The Modern Agency and Big Business

Perspectives from Shiv Singh that maybe valuable for digital (and traditional) agencies working with organizations the size of PepsiCo. Larger mid-sized companies that have been quick to adopt this new platform such as Starbucks and Lululemon, have benefited the most. Small enough to be aggressive and nimble, large enough to afford production.
  1. Digital Marketing complicates life for a marketer: There is no question life was much simpler before digital marketing entered the picture. Marketers have an immense amount to worry about. And with all the facets of digital marketing thrown into the mix – a complex space only gets more complex. What does this mean – the way marketing organizations are structured is probably going to have to change at some point in the future. No more is it possible for a brand marketer to be able to grasp and own every facet of his or her brand. The world has changed. And anyone who keeps telling a brand marketer that it is about 360 degree marketing with paid, owned and earned media integration is over simplifying. As an agency person, recognize what we’re going through and be a positive part of the complexity.

  2. The current structure of the advertising ecosystem is not perfect. There are a lot of people in the business who complain that the structural dynamics of advertising are flawed – brands to agency to publisher to consumer (notice how far the consumer is from the brand?). I believe that too. But we haven’t nailed the replacement for this structure given the number of players in the ecosystem. And until we do, we’ll be forced to stay with something like this. In the digital space, digital agencies don’t like that the fact that they’re at a significant relationship disadvantage. Brands don’t like the fact that they’re sometimes kept at arms length from consumers (agencies and publishers are in the middle). Digital agencies feel traditional agencies don’t get it and traditional agencies can’t understand why brands don’t completely appreciate their digital chops.  In a sense, everyone is unhappy. That’s not good. It has to change and probably only will when truly a new form of an agency rises (yes, I know there have been lots of false starts!).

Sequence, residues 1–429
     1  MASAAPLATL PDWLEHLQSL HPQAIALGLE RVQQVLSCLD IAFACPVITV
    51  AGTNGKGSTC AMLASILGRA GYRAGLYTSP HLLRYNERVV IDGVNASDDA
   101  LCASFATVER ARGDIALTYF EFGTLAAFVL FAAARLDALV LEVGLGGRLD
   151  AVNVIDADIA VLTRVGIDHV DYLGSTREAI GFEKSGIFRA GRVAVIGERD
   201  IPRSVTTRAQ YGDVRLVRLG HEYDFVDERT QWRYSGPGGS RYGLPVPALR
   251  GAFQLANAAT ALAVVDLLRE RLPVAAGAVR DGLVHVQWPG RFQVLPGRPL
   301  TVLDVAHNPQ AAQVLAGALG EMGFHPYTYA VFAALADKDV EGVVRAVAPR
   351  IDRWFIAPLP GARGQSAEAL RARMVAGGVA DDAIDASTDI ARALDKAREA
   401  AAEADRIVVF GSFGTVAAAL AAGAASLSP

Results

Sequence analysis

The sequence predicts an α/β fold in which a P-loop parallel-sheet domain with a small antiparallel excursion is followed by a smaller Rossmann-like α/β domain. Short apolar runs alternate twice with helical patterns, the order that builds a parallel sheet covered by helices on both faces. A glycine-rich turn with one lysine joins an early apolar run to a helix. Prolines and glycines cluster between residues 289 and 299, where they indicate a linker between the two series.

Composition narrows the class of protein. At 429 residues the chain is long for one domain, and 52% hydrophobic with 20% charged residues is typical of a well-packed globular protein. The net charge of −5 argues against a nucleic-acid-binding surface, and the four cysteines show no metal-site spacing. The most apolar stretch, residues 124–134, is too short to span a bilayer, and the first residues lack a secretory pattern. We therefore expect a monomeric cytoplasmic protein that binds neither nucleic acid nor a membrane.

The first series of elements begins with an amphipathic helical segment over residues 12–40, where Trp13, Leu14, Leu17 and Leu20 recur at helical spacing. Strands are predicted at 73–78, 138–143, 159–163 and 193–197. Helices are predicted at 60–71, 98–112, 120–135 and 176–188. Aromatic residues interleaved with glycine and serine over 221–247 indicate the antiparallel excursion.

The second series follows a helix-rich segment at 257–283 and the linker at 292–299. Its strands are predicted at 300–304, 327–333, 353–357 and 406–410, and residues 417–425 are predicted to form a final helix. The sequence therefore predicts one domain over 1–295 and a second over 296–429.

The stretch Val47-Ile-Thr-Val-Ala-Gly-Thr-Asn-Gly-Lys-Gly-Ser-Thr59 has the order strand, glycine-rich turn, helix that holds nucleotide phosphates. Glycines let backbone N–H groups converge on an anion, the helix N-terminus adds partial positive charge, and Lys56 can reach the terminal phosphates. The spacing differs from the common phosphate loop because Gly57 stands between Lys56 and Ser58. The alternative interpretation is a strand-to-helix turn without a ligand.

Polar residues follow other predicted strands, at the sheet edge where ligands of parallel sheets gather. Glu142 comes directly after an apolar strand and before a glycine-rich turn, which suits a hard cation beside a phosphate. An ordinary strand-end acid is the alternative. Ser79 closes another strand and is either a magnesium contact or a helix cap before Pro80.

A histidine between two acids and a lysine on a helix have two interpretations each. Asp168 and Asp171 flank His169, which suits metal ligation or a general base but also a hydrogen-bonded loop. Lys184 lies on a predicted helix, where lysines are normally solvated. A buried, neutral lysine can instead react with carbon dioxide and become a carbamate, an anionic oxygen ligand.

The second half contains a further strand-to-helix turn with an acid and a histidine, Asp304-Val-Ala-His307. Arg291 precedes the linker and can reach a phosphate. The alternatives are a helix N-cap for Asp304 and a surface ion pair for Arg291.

3. Brand Marketing is indeed in a crisis. You know all the hype about social media and how it is changing the fundamentals of marketing? Well, it may not be the complete picture but it is certainly having its impact. Traditional marketing tactics aren’t as powerful as they once were. It is just the way it is. But the problem is that everyone in the ecosystem (or nearly everyone) don’t think about changing this space. Here’s what I mean. It is easier for an agency or a media company to sell TV advertisements or digital media impressions or traditional PR tactics than it is to sell social influence marketing or deep consumer engagement. That stuff is much harder to design, price, guarantee and market efficiently. And from a buyer perspective, it is the type of thing you can lose your job over too. No one likes it but it is the future if you want your brand to survive. Please help us get there. Take the risks and force us to.

  4. Biases drive a lot of marketing decisions.. We have always known that marketing is an imperfect science. It is as much art as it is science. The reality is that biases – at every point in the ecosystem heavily influence marketing decisions. Accept it and use that to your advantage but always keep the brand’s objectives in focus. Here are a few examples of how it plays out. A digital production shop that has grown into a digital agency will probably always emphasize content creation versus conversation management online. A marketer who has had great successes with TV advertising in the Super Bowl will always privilege that over other forms of marketing. An agency that hit a home run with one idea will be called in to do the same thing again and again even though the world may have moved on. The biases will always exist as we’re human. There is no perfect company and no perfect agency either.

  5. Ideas matter an incredible amount but help us think beyond ideas. Every marketer suffers from the candy store syndrome at some point. We get so many great ideas from so many different agencies every day (I certainly do here at PepsiCo) that we can’t help want more and more. More ideas to salivate over, provide feedback on and then be able to choose from. It’s just irresistible. But in the long run that’s a bad thing. Ideas do matter of course but they need a strong strategic frame. Without the strategic frame they are meaningless. My challenge to my agency partners is to always think about that strategic frame. What does it mean – on the marketing side we have to do a better job of explaining our strategic priorities and our long term digital strategies. Please help us stay focused. We can’t get too caught up in the candy store syndrome.

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